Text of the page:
Cape Town - An improved Bafana Bafana beat 165th-ranked Gambia 4-0 in what can be likened to taking candy from a kid on Saturday - but, in the wider context, South Africa's national team emerged as losers after the weekend's African Nations Cup qualifying games summarily ended the faint chance of qualifying for next year's tournament in Gabon.
With Cameroon assured of winning Bafana's qualifying group after beating Mauritania on Friday, South Africa's fragile remaining qualifying hope rested on finishing as one of the two best-placed second teams in the 11 qualifying groups.
But this is now an impossibility even should Bafana win their last qualifying game against Mauritania by a convincing margin, with the situation having evolved that at least three second-placed teams - but probably as many as six - will be better-placed than South Africa even if Bafana move into second place in their own group.
More precisely, two teams from the Group A qualifiers (Liberia and Togo), Group B (DRC and the Central African Republic) and Group D (Uganda and Burkina Faso) have all now gained 10 points from their qualifiers against the maximum number of nine which are available for Bafana to compile.
Yet, despite this sombre setback, SAFA and Mashaba have come out in a release from the national association that suggests it was penned in Disneyland, claiming that the win over the Gambian team, who are not only rated 165th in the world, but are also one of the worst-placed on the continent at 50th in the African rankings, was one of the best-ever performances by the national team.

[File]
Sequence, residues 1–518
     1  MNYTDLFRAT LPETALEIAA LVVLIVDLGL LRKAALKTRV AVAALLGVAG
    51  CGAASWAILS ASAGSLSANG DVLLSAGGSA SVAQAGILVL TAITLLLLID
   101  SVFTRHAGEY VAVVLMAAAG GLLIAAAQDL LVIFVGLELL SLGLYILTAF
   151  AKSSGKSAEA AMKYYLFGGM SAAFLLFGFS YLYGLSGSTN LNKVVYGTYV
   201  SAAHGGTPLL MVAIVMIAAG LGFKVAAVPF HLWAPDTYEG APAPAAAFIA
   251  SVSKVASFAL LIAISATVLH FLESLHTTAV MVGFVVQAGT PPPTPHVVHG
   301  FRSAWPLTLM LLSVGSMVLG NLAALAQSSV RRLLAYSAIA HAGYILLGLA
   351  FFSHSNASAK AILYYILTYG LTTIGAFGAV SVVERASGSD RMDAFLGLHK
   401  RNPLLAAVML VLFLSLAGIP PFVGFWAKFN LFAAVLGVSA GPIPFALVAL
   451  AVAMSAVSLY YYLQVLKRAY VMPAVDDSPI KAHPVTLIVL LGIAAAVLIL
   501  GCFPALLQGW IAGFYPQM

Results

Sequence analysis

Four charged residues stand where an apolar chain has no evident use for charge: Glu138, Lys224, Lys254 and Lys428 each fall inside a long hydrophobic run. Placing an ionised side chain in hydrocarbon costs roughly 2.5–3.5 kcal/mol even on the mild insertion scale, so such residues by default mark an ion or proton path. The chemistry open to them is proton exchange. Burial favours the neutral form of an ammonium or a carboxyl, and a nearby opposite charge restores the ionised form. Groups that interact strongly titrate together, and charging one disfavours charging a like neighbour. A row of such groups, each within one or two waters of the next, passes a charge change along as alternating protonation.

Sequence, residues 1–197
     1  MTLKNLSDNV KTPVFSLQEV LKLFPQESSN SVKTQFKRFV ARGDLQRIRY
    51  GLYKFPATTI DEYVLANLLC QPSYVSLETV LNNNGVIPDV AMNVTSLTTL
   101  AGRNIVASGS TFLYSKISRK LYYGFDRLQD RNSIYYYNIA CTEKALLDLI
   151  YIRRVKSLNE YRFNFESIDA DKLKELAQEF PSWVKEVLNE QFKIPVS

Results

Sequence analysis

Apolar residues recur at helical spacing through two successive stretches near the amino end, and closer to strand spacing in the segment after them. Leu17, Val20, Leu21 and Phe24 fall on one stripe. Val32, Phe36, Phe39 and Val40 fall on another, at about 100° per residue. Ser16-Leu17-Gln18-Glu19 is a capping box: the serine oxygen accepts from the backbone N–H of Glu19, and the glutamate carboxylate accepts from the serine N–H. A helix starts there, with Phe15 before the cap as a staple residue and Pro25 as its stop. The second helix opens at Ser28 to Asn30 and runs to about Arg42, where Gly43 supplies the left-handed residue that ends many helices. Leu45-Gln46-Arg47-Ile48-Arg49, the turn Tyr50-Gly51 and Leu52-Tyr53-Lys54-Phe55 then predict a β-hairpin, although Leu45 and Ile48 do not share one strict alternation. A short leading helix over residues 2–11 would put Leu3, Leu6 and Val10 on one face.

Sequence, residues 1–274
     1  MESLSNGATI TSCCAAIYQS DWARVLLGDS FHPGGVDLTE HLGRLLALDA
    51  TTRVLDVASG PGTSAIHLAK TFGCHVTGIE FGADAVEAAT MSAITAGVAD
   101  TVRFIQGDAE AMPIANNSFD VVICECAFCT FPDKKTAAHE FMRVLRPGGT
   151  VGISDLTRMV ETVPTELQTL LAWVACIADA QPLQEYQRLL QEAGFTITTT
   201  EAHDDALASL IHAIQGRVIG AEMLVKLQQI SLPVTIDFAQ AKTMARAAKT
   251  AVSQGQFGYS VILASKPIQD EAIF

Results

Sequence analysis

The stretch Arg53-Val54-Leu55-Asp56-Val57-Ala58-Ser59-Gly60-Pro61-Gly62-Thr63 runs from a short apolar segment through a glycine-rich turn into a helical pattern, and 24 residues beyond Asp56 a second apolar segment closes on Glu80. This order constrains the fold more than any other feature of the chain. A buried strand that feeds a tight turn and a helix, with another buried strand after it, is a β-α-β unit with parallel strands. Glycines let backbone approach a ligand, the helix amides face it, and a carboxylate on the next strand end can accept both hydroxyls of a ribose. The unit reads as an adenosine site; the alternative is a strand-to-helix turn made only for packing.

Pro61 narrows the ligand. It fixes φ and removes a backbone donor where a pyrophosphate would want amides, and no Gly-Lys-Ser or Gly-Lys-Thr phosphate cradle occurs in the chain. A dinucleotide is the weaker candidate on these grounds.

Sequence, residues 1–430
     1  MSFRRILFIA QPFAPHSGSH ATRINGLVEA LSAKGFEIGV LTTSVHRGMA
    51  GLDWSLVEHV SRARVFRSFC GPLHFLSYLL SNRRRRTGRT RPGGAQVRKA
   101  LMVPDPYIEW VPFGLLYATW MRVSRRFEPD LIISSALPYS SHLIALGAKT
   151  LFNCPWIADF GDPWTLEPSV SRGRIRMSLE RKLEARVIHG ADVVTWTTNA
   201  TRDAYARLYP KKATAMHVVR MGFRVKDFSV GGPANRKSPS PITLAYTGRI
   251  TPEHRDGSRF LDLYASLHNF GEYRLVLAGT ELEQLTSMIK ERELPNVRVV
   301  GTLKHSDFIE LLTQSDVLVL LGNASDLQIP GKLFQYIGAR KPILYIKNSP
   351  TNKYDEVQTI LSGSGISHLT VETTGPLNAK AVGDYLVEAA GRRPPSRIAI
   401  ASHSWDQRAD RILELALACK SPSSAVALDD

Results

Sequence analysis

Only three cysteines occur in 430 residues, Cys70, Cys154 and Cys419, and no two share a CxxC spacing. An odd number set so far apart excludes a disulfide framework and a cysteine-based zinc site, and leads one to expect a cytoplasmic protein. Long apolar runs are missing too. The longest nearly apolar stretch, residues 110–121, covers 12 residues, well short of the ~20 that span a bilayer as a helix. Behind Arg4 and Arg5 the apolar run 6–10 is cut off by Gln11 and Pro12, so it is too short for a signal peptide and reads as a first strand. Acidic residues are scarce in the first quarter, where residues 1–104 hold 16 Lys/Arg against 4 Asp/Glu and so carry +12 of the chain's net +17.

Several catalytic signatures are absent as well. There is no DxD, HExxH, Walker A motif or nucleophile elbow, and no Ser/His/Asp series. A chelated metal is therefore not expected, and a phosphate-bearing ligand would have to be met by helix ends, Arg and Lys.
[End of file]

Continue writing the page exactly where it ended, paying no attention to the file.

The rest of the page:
And delving further into make-believe-land, the win over the country whose entire population amounts to little more than two-million, is the claim that Saturday's Bafana line-up is possibly the best yet produced in the country.
In reality, this kind of exaggerated euphoria, not uncommon in SAFA's ranks at the drop of a hat, is unrealistic talk and tends to be more damaging than anything else in cementing and building on what was undoubtedly a creditable performance from the likes of dual goal-scorers Keagan Dolly and Thamsanqa Gabuza, in particular.
But going overboard over an impressive performance against the likes of Gambia is a reminder that one swallow does not guarantee a summer of soccer success in the forthcoming vital 2018 World Cup qualifying games - or, as 17th century literary doyen, Baltasar Gracián, reminded all and sundry as far back as 1647: "to exaggerate is to weaken your argument."